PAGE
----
IL-10 is a pleomorphic cytokine with diverse phenotypic functions [11]. The expression of IL-10 is altered in numerous human diseases including cancer, autoimmune diseases and inflammatory diseases [12,13,14]. Osugi et al. and An et al. [15, 16] showed that serum concentrations of IL-10 increased in children with HLH and that IL-10 plays a critical role in the pathogenesis of HLH. However, the role of IL-10 in adult HLH remains unknown. The etiologic conditions associated with HLH in our cohort included rheumatic diseases in 9 patients, infections in 50 patients and malignancies in 42 patients. The most frequent triggers in our cohort were infections (49.5%) and malignancies (41.6%), which were consistent with other adult HLH cohorts that reported underlying diseases [2, 17, 18]. We demonstrated elevated serum levels of IL-10 in adult HLH patients. IL-10 levels were significantly higher in IAHS and MAHS patients compared with MAS patients. A recent study by Heper et al. [19] found that systemic levels of IL-10 were useful in predicting mortality in patients with sepsis. IL-10 levels were higher in patients who died compared to those who survived. Previous studies demonstrated that patients with MAHS and IAHS had a poorer outcome compared to patients with MAS [17, 20, 21]. Similar results were also observed in the present study where patients with MAS had a better outcome compared to those with other triggering conditions.

Correlation analysis revealed that IL-10 levels were closely correlated with hemoglobin levels (P = 0.005). In addition, IL-10 levels were significantly higher in HLH patients who had cytopenia of two or more lineages compared to those who did not. These results were similar to those of Yang et al. [7] who found that IL-10 might contribute to cytopenias in pediatric patients with HLH.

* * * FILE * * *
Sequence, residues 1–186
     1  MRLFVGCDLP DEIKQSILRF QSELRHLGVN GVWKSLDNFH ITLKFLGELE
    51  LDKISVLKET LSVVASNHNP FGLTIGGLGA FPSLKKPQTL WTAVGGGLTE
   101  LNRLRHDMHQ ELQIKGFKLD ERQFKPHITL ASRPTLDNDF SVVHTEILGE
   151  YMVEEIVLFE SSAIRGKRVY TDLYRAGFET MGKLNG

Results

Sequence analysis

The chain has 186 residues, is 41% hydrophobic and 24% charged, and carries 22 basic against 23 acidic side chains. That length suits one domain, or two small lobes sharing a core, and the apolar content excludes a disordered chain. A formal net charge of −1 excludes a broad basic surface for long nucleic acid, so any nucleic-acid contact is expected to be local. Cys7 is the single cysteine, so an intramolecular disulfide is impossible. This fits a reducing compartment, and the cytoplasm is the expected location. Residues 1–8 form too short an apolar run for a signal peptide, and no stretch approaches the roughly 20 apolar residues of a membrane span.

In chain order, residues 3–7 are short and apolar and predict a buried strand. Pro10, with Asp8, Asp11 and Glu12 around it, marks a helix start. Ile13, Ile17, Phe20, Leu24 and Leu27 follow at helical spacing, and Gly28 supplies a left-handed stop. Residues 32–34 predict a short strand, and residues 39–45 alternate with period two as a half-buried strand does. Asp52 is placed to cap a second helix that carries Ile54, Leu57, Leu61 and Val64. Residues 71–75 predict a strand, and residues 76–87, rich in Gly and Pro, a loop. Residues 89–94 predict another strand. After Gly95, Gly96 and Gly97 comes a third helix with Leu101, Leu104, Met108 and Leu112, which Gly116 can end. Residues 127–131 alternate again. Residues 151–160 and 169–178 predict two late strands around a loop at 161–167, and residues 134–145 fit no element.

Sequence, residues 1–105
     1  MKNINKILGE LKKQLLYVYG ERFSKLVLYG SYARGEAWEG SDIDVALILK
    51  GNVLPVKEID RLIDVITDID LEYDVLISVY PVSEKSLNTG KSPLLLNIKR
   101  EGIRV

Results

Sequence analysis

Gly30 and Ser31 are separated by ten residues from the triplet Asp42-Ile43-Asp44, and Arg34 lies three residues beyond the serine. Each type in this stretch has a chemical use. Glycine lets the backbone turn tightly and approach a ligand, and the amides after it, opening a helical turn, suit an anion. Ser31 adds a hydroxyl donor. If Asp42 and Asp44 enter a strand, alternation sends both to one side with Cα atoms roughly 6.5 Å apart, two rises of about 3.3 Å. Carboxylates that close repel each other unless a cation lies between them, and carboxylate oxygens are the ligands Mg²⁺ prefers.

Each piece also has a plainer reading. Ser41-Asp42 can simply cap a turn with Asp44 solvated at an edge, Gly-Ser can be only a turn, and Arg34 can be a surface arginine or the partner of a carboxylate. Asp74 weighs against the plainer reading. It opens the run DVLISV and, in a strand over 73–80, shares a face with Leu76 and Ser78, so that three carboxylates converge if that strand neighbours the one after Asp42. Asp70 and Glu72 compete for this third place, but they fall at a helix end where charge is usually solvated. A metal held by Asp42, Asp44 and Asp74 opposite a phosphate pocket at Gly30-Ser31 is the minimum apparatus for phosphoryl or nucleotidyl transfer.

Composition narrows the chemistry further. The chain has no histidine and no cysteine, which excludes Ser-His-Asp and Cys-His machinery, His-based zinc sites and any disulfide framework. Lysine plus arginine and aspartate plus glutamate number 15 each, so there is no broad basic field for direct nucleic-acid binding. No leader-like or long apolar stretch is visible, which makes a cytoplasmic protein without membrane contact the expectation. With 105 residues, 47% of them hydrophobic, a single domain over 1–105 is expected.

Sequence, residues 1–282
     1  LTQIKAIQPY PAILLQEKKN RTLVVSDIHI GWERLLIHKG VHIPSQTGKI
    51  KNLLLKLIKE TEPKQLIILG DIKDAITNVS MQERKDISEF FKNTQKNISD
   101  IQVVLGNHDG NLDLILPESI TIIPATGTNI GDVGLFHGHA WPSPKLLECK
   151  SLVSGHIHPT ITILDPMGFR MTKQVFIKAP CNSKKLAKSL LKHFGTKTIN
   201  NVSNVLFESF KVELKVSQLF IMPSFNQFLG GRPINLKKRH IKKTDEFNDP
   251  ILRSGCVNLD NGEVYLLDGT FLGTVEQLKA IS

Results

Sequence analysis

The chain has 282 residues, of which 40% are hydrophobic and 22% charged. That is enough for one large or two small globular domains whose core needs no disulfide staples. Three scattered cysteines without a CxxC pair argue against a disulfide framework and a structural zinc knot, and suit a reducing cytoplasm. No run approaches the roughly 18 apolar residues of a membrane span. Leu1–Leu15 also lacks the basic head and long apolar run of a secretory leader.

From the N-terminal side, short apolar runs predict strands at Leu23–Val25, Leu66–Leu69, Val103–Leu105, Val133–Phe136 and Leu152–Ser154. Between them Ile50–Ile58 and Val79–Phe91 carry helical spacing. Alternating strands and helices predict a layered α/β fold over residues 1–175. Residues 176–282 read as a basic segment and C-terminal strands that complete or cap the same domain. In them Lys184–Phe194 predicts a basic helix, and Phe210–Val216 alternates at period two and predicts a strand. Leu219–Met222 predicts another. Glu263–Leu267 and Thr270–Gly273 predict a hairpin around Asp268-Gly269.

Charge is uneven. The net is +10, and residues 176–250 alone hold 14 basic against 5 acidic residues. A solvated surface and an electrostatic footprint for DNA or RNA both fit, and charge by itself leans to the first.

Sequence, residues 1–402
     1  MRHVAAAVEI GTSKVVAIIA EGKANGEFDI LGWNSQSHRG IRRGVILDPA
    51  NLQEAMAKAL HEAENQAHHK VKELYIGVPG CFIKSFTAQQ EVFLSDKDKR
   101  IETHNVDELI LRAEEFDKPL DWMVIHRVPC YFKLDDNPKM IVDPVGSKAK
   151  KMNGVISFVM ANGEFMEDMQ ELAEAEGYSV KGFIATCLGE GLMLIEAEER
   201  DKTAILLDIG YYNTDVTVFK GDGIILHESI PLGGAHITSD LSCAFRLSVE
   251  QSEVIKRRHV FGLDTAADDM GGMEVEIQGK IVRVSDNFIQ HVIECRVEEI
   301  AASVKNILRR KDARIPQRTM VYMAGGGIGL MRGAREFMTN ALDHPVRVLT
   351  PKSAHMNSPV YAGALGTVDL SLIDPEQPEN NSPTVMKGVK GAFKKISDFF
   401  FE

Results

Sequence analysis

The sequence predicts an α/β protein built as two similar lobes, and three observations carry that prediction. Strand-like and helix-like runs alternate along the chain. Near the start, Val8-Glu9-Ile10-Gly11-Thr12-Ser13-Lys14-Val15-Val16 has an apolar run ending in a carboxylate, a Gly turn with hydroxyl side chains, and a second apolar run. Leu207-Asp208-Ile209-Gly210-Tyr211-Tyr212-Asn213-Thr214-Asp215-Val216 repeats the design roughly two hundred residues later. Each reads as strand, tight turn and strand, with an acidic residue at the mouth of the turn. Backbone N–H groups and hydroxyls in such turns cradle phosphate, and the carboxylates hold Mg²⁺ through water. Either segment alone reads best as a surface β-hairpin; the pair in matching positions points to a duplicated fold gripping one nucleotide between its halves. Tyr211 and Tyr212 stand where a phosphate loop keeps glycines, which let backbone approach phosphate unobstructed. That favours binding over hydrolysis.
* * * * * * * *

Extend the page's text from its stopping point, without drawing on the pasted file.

Previous studies have found that adverse outcomes are more common in HLH patients with certain pretreatment laboratory findings. A previous study in pediatric patients with secondary HLH found that severe hypoalbuminemia was an independent risk factor for 30-day mortality, and other biochemical parameters, including hemoglobin, fibrinogen and ferritin levels, did not influence the risk of death [22]. In another study involving 116 children with secondary HLH, Qiong et al. [23] found that low neutrophil count, low albumin level, high bilirubin level and high LDH level were significantly associated with a high risk of early death due to HLH. However, variables such as hemoglobin level, platelet count, fibrinogen level, triglyceride level and ferritin level were not significantly associated with early adverse outcomes. Sameer et al. [24] investigated adults with secondary HLH and found that high LDH levels, low albumin levels and high ferritin levels were associated with a worse prognosis. Anna et al. [25] found that various parameters, including low platelet counts, low hemoglobin levels, high alanine aminotransferase levels, high bilirubin levels, low albumin levels, high ferritin levels and low fibrinogen levels, were predictive of survival outcomes in adults with non-malignancy associated secondary HLH. Moreover, Zhou et al. [26] found that post-treatment serum ferritin ≥ 1050 µg/L may serve as an independent prognostic biomarker in adult HLH patients. Similar to previous studies, we found that low hemoglobin level (< 8.2 g/dL), low platelet counts (< 40 × 109/L), low albumin concentrations (< 28 g/L), high LDH levels (≥ 700 U/L) and high post-treatment serum ferritin levels (≥ 1050 µg/L) were associated with poor survival.